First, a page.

If your space for gardening is limited to a balcony or a spit of land outside your apartment door, make the most of it by choosing the right plants and decorating with pots, statuary and maybe a birdbath that pack a punch.
“The first step is to assess how much sun you’re getting,” said Sedgwick County extension agent Rebecca McMahon. She and her husband were able to grow vegetables with some success on their balcony when they lived in an apartment in Wichita.
One way to figure out how much sun you get is to take a sunny day when you’ll be home all day, and pay attention.
“Check a few times a day to see where the sun is on your deck or patio,” McMahon said, and note how many hours that the area is sunny.
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“You almost have to pay attention the whole summer, because the sun shifts in the sky through the summer; the angle changes,” McMahon said.
If you can’t do that, you can buy a light sensor, though McMahon said she’s never tried one. Apartments can be tricky in that the buildings can be angled, and sometimes there is a balcony above that can shade things. The McMahons’ balcony was north-facing, but the building was angled just enough, and the trees were placed just right so that from the third week of May through the middle of August there were a couple of spots on the balcony that got six to eight hours of sun – enough to grow some vegetables.
“We got a table and put pots on the table to take better advantage of that,” McMahon said. “You have to be a little creative. ... Sometimes you may get more sun than you think you do even if it’s a north-facing situation.”
On the table they grew primarily herbs along with some peppers and tomatoes. More and more vegetables are being sized for container gardens, and the smaller-fruited versions usually do better in containers and with a little less sun, McMahon said. Cherry tomatoes, for example, can take a little less sun than full-size tomatoes.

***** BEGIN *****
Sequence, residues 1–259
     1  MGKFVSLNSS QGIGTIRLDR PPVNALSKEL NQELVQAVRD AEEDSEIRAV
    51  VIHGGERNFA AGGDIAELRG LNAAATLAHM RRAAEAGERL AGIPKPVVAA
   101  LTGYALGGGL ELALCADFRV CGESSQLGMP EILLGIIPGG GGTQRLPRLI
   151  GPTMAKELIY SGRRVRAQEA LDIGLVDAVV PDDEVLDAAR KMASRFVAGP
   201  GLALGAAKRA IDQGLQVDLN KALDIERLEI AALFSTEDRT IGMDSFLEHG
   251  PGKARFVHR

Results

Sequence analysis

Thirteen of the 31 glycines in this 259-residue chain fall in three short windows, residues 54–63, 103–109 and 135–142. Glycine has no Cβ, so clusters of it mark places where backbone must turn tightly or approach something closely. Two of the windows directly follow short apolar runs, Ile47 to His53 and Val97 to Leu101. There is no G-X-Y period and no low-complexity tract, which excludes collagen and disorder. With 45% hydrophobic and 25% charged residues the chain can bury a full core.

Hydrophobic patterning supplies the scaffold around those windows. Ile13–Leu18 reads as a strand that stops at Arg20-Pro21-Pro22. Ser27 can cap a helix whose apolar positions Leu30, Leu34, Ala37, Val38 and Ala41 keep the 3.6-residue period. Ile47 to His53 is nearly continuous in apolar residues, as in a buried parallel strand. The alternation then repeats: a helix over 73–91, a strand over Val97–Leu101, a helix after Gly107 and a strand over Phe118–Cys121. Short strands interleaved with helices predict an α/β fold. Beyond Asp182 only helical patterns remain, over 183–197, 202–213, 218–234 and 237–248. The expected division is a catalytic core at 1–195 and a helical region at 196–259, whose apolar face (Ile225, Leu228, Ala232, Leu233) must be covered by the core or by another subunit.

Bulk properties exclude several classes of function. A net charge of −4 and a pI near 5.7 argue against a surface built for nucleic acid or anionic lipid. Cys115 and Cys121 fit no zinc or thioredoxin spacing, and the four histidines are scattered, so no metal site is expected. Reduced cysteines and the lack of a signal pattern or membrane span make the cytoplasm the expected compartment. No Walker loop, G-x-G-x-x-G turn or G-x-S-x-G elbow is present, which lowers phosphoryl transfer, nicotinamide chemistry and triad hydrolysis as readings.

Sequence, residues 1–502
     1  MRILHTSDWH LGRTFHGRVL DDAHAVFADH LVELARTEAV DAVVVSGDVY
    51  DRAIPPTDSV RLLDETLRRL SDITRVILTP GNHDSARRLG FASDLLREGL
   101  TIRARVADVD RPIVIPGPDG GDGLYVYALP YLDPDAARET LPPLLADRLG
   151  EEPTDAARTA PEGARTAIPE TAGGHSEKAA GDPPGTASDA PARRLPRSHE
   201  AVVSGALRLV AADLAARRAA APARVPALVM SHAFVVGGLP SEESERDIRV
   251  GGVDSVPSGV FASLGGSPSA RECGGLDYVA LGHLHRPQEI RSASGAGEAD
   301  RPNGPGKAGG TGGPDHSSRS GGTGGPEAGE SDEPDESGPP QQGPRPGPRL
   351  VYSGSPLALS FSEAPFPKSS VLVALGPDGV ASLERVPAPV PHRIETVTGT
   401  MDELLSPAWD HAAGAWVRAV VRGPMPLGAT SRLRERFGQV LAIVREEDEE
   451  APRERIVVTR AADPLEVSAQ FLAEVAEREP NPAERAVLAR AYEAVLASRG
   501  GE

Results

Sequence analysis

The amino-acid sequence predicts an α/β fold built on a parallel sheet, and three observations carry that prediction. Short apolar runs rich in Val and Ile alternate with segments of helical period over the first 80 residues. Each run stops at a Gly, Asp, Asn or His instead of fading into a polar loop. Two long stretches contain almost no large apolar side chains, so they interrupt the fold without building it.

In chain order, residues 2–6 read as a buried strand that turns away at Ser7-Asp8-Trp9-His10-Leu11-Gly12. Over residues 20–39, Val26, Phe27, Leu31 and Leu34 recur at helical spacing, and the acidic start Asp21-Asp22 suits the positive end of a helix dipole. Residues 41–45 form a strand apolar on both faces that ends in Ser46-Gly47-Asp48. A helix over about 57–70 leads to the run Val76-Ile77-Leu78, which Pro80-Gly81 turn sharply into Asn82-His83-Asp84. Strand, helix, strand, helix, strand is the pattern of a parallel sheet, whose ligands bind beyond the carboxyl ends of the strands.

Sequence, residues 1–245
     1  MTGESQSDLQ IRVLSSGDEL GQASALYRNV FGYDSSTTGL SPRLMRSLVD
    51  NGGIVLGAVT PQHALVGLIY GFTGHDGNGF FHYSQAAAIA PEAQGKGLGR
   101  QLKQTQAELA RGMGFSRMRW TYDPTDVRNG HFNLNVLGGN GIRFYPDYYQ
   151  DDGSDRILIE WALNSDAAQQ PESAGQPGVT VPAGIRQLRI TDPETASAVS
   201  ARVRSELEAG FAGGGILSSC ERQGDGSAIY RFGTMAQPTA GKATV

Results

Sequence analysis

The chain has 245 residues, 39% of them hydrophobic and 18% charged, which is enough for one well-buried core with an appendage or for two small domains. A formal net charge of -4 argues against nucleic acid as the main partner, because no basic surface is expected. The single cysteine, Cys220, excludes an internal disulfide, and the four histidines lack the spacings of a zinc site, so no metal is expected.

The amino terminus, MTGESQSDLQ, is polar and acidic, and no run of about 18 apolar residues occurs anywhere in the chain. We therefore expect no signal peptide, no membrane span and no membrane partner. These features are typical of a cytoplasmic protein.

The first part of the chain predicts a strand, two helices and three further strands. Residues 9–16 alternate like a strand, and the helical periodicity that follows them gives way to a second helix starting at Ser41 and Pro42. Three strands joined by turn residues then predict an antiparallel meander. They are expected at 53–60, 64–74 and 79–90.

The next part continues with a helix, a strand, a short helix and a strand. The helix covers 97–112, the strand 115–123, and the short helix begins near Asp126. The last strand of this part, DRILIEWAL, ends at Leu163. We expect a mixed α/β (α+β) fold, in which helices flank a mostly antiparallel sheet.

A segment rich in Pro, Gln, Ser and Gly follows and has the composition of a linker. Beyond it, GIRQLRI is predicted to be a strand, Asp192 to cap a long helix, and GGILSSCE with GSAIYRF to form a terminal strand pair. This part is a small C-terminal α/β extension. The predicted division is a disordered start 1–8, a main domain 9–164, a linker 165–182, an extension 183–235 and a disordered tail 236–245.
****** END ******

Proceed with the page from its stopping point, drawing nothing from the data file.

“Probably the best tomato experience was I planted a Chocolate Cherry tomato in a 15-gallon pot and pruned it to wrap around a stake, removing all the side shoots,” McMahon said. “So I had one shoot to go up the stake, and positioned it in the maximum sun spot, and it was really quite productive. We were munching off of it all summer. It was a bit delayed from a full-sun garden, but it still did really well.”
Smaller-fruited peppers such as serranos do fairly well if they get enough sun, McMahon said. The Mariachi snack pepper with a touch of heat is one that would pretty well, she said. (Bell peppers are not a good idea for a container garden, as they are not high producers anyway, she said.)
Similarly, smaller-fruited eggplant would be a little more productive in a container or in low light. Bush cucumbers can be grown in a container if you have plenty of sun and a robust trellis, such as a tomato cage, for them to grow on, McMahon said. Watch for aphids, as they can swamp the plants pretty quickly.
Natalie Fullerton is part of a group of half a dozen high-rise residents who are trying a garden this summer in the Garvey Center that used to be the Holiday Inn across the street from Century II.
“We were thinking we have this sixth-floor patio that usually has some planters, and we thought how great it would be to use the planters to grow some plants this summer,” Fullerton said. The patio is on the southeast corner of the building, and the group in the spring planted spinach and chard, following those up with tomatoes and peppers in deeper containers for the summer.
They ran into an initial problem.
“We did have to put some netting over the pots just to keep the soil from blowing away.”
The residents are fortunate in that there is a water spigot, so they can use a hose to water. They have set up a rotation for watering.
“I’ve only gardened in a backyard or in a community garden setting ... so this is really the first time I’ve tried patio gardening,” said Fullerton, who works for the Kansas Rural Center.
If you have a true north-facing balcony or garden that doesn’t get much sun, it’s best to stick with planting leafy greens and some herbs for edibles, and impatiens, coleus, begonias and other shade-loving annuals for flowers, McMahon said. The good news is that you may be able to grow lettuce throughout the summer, whereas the greens wouldn’t be able to take a sunny hot spot.
McMahon has used both plastic pots and the fabric Smart Pots, which are foldable and easy to tote when not filled with soil. They’re not pretty, but because of their shape there is room for more root zone for plants, and it’s easier to put a trellis in them, McMahon said. They do dry out a bit more quickly than plastic because they breathe.
That brings up another point: It’s easier to drag a closed bag of potting soil up to your apartment than to get heavy pots of soil back down. And you’ll probably need a place to stash some garden supplies.
But you don’t have to rely completely on plants for your apartment garden. Concrete statuary that is in scale, seashells, mirrors, old garden gates, a bench or cafe table, a birdbath if it works for your space, glazed pots in one color or complimentary colors, outdoor carpets, window boxes – all those things that can be used to decorate a garden in a yard can be clustered for a pretty effect on a balcony or patio.
And if you still don’t have enough space, you can do what the McMahons did – they also rented a plot in a community garden.